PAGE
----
At entry into the study between 12–36 months of age, children received a diagnostic evaluation by a research psychologist (CCB) with extensive clinical experience with autism. During the initial visit, the Mullen Scales of Early Learning (21) was administered as a standardized measure of early cognition. Toddlers (n= 63 males, 18 females) who displayed symptoms of autism were assigned to a “provisional autism spectrum disorder” (p-ASD) group, and administered the Autism Diagnostic Observation Schedule (ADOS) (22, 23); their parents completed the Autism Diagnostic Interview (ADI-R) (24). The ADOS is a semi-structured standardized assessment of communication, social interaction, and play for young children to evaluate presence of autism spectrum disorder. It provides a diagnostic classification of autism, autism spectrum, or non-spectrum based on the child’s presentation during the assessment. The ADI-R is a standardized comprehensive parent interview designed to assess, confirm, or deny an autism spectrum disorder through queries closely associated with the Diagnostic and Statistical Manual of Mental Disorders-IV (DSM-IV) (4). Toddlers (n= 28 males, 11 females) who presented age-equivalent performance on the Mullen Scales and showed no characteristics of autism were judged as typically-developing and placed in the “control” group. Toddlers who showed delays on the standardized cognitive assessment but did not meet criteria for autism spectrum were not included in the current analyses. Each child returned at ~36 months of age for an MRI scan and again at ~48 months of age for the final clinical evaluation. At the final visit, the ADOS, ADI-R, either the Mullen or the Wechsler Preschool and Primary Scale of Intelligence-III (25) (depending on child’s age), and the Vineland Adaptive Behavioral Scales Survey Interview (26) were administered. The Vineland is a standardized parent or caregiver interview to asses a child’s functional skills in four different developmental domains; this was administered to both the control and p-ASD groups. Only the exit ADI-R (standardized for age 4) and Vineland scores were used for statistical and correlation analyses in this study.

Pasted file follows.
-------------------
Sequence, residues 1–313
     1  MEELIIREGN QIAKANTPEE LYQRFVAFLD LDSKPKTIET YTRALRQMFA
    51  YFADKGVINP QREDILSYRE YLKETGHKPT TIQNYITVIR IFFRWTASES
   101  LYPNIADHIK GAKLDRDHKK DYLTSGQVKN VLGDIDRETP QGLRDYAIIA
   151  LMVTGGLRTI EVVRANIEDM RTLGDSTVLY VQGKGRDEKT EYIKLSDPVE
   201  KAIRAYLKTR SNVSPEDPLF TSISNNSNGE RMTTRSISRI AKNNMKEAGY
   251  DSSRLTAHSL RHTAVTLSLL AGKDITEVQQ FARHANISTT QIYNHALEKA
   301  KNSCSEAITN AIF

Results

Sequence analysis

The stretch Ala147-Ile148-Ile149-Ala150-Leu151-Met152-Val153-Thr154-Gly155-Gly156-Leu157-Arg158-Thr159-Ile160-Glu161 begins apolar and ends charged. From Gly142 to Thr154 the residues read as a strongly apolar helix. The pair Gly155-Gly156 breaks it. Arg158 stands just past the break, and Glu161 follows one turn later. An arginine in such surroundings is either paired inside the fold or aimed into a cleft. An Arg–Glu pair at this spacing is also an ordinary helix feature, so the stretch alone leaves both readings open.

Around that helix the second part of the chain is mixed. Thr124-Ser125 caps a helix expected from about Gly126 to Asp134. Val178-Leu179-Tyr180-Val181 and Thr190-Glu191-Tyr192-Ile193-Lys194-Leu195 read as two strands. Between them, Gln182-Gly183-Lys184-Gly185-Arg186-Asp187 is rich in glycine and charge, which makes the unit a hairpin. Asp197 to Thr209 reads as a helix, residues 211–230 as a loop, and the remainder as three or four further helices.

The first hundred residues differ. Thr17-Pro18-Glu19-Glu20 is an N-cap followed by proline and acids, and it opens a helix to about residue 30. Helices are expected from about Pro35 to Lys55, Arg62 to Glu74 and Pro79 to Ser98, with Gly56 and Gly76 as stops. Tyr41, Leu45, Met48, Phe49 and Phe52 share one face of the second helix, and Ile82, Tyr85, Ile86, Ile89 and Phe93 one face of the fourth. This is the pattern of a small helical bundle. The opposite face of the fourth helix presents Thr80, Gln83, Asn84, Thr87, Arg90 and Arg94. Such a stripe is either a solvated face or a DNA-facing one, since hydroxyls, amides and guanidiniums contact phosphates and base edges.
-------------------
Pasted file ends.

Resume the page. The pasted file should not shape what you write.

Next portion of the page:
At 48 months of age or older, children in the p-ASD group were given a final diagnosis (by CCB and CL) of Autistic Disorder (n= 32 males, 9 females), Pervasive Developmental Disorder-Not Otherwise Specified (PDD-NOS) (n= 6 males, 3 females), or Non-Spectrum based on the exit ADI-R and final ADOS (Table 1). Fifteen males and 2 females with a provisional autism diagnosis had at least one successful MRI scan but dropped from the study before final diagnosis could be determined. Ten males and 4 females in the p-ASD group that completed the final diagnostic assessment were considered non-spectrum at final diagnosis. Of these, 4 males and 2 females were given a developmental delay diagnosis and the others were mixed non-spectrum (e.g. ADHD, receptive-expressive language disorder). Neither participants that dropped prior to final diagnosis nor those that did not meet criteria for autism spectrum disorder at final evaluation were included in Table 1 or in amygdala volumetric analyses.